By intercepting the request sent to delete his own credit card, the user was able to change the ID of the credit card that was going to be deleted, and by doing so delete an account that was not his. This could have resulted in a halted campaign and, consequently, a considerable business advantage.
Please see the report above for more details as we only cover it as proof that these vulnerabilities do exist in the wild.
How to discover
One way to discover Missing Function Level Access Control is to browse the website while logged in and log all pages visited. The next step is to log out and then revisit all pages. If you get the same result, it is likely that this vulnerability exists. Some proxies made for security testing support this type of analysis by default.
Another way is to simply bruteforce different paths. An example may be /admin, /settings or similar that only an admin should be allowed to visit. If any user can access these, it would be considered a vulnerability. This is also called forced browsing, which, simplified, is to enumerate and access resources that are not referenced by the application, but are still accessible.
Yet another way is to identify user IDs and similar data in requests and simply change them to someone else. Chances are that information about some other user can be received that way, or even the ability to execute actions in their name. That would be similar to the Twitter vulnerability mentioned above in Well-known events.
If you carry out a code analysis, the pattern where a privileged request is processed can be identified, making it easier to understand how the authorization pattern works. This way, it is possible to discover places where the same process is not applied, but the request is still considered sensitive.
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Code example of vulnerable application
A simple mockup application has been created to better explain one of the many ways this vulnerability may occur.
This page presents a form where the user enters an order ID and then chooses the action, the alternatives being Cancel and Status. If a logged in admin visits the page, the alternative Return is available as well. The request is then sent to action.php.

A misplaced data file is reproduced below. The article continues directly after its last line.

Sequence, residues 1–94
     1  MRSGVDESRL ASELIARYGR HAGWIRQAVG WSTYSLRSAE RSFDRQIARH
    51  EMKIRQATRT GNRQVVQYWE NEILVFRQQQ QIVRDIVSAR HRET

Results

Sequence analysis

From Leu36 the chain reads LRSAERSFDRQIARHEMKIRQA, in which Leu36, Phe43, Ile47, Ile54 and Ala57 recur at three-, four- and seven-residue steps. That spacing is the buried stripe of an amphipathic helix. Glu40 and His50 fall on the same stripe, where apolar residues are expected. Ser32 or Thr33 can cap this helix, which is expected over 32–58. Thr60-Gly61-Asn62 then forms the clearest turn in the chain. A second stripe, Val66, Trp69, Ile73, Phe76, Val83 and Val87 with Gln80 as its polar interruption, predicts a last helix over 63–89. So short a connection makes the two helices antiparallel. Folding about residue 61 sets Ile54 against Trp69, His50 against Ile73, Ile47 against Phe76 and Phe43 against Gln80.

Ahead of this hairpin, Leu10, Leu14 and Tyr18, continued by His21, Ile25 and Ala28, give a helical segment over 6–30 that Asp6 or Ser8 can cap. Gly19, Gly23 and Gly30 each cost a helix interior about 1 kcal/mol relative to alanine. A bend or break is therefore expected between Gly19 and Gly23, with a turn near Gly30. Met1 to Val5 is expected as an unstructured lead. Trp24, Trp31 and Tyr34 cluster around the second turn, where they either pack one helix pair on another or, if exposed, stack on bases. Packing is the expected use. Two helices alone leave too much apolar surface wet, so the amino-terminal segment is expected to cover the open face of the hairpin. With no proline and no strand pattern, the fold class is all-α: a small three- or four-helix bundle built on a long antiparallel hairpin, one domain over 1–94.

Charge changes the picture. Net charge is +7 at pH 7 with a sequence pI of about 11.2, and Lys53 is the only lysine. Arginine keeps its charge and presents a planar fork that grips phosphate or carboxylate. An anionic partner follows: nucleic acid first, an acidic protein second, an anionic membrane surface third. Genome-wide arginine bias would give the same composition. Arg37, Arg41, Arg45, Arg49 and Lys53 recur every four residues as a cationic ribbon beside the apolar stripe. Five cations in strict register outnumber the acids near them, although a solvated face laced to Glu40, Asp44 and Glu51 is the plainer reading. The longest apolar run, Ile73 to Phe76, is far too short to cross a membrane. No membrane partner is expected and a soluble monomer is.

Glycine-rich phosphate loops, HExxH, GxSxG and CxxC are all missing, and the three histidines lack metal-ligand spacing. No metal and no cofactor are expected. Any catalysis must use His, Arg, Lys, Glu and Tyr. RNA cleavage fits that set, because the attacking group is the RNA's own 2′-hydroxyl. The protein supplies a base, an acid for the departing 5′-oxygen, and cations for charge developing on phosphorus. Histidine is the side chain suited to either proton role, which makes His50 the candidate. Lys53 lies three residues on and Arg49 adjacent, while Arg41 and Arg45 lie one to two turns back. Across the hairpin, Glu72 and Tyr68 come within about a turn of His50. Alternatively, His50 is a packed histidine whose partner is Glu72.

This page takes the order ID and the chosen action and then executes the action towards the order. It does not employ any authentication or check to see that the user is an admin as that has already been done by dashboard.php.
The problem here is that if the attacker can figure out that the alternative Return does exist, but is hidden for non-admins, a request to action.php can still be sent, returning the payment. The impact in this case would be that the attacker could order free stuff from the web shop we set up as an example, as the payment could be refunded after each purchase.
The default should always be denial. Everyone should be denied access to everything, and then every specific role can be explicitly granted access for each function. It is also recommended to log all failed attempts as that can help discover if something is incorrectly configured.
Blocking all file types that should not be served anyway is a great way to prevent an attacker from accessing any forgotten configuration files, databases or log files that were mistakenly exposed to the internet without authorisation. Enforcing such blocking may not always be possible, but it is good to at least consider it.
Do NOT, under any circumstance, assume that the users are unaware of special/hidden URLs or APIs. That is a misconception that we see way too often, and as clearly shown in our code example, this is not enough. Doing so is called security through obscurity and we greatly discourage you to rely on it.
Missing Function Level Access Control
Failure to Restrict URL Access